This much understood, we see that when the Allies demand 132,000,000,000 gold marks from Germany they know very well that nobody in Germany has ever seen 132,000,000,000 gold marks and never will. A more surprised and disappointed lot of boys you couldn’t ask to see than the Supreme Financial Council would be if Germany were actually to send them a money-order for the full amount demanded.
What they mean is that, taken all in all, Germany owes the world 132,000,000,000 gold marks plus carfare. This includes everything, breakage, meals sent to room, good will, everything. Now, it is understood that if they really meant this, Germany couldn’t even draw cards; so the principle on which the thing is figured out is as follows: (Watch this closely; there is a trick in it).
You put down a lot of figures, like this. Any figures will do, so long as you can’t read them quickly:
- 132,000,000,000 gold marks
- $33,000,000,000 on a current value basis
- $21,000,000,000 on reparation account plus 12-1/2% yearly tax on German exports
- 11,000,000,000 gold fish
- $1.35 amusement tax
- 866,000 miles. Diameter of the sun
Then you add them together and subtract the number you first thought of. This leaves 11. And the card you hold in your hand is the seven of diamonds. Am I right?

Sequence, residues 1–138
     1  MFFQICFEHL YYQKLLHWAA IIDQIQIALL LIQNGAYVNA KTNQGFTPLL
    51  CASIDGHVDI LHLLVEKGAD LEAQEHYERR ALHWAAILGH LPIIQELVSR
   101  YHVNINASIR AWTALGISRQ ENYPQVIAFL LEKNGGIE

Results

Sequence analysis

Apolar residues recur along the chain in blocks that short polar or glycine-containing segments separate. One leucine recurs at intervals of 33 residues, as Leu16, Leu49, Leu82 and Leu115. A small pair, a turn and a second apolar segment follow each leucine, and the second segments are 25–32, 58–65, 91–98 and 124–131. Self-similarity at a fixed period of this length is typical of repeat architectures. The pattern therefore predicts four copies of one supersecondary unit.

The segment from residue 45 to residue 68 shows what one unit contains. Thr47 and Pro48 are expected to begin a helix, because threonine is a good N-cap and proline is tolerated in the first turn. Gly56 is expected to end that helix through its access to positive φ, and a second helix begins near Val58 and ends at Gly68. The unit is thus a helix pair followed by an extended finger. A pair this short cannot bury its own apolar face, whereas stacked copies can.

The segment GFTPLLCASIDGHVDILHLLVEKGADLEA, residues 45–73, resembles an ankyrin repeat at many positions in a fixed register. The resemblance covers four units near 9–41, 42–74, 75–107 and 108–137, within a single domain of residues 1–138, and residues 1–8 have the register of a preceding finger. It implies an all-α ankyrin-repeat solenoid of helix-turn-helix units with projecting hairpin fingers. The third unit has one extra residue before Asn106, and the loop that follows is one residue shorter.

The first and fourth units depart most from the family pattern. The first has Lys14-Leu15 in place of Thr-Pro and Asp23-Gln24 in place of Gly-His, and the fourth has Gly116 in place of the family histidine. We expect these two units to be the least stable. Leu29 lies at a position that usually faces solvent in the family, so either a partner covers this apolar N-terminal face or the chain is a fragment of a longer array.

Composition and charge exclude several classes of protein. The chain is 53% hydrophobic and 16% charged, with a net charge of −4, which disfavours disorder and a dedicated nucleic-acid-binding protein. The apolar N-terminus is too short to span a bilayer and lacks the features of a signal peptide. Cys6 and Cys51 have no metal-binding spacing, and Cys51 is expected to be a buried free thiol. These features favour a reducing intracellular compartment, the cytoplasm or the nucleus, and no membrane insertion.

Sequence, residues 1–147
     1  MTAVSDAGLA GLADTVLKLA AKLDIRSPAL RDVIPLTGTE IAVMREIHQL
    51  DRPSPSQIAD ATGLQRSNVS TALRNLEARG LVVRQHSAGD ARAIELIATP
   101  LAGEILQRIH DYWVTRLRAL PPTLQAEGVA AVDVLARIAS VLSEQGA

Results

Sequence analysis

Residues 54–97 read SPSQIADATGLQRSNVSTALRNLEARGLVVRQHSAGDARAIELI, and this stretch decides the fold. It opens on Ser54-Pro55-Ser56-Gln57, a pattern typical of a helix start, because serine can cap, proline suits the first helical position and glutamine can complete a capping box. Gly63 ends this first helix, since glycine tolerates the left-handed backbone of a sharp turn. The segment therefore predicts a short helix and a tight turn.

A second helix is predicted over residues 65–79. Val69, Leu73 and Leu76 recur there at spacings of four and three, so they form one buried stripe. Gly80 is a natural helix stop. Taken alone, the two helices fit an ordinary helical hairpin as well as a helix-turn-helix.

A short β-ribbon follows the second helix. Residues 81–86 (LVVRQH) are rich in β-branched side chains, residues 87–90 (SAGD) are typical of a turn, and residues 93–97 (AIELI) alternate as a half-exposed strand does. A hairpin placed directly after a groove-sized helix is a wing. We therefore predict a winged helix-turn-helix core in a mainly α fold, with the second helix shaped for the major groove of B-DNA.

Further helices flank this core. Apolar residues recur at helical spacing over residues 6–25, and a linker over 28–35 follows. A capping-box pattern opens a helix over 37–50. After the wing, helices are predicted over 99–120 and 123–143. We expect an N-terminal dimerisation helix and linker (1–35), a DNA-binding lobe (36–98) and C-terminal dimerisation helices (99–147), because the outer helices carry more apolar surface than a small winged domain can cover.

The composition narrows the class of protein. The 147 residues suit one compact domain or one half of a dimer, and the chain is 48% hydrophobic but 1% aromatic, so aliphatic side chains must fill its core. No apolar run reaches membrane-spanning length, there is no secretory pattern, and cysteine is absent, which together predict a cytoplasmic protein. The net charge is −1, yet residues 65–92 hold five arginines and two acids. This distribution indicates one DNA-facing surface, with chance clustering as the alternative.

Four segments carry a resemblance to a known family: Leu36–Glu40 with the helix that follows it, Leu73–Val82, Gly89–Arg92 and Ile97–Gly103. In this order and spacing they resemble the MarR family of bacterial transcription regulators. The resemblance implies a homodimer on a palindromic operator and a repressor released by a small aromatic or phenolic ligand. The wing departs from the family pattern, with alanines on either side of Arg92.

I’ve figured out the perfect crime for me to commit. It’s counterfeiting two-dollar (United States) bills and spending them (in the United States). Any cashier questioning the bills would go asking around and get told by some smug know-it-all legal tender pedant — there’s at least one in every store’s work shift — that there are so two-dollar bills, and while they’re rare they’re legitimate currency and you should feel stupid for not taking them, and maybe they’ll even point out those urban legends about Taco Bell giving you stuff (Taco Bell food) for free just to not bother them with two-dollar bills or how the mall’s cops laugh at people who think two-dollar bills are fakes. I don’t care about getting free Taco Bell food, but the principle is a good one.
Why this is really perfect is it’s perfect pedantry snipe bait: anyone ready to get all smug about knowing there are so two-dollar bills is going to be so busy showing how proud he is to accept them that he won’t suspect they’re fake. And if he does accept them and find they’re fake, he won’t tell anyone because it would be too humiliating to have his smug self-assurance of knowing that two-dollar bills are for real destroyed by turning them over to people who know that these two-dollar bills are not. By then, I’m long out of the store and have got my free books about Taco Bell.
Oh, except it wouldn’t work, because I’m a know-it-all legal tender pedant and so I know that I’d be unable to resist going back to the store and telling the legal tender pedant just how I put it over on him. And then he’d either turn me in or demand to be cut in on the scheme because it’s so good. So the whole thing is a failure. Now I can’t do anything with the idea. Too bad.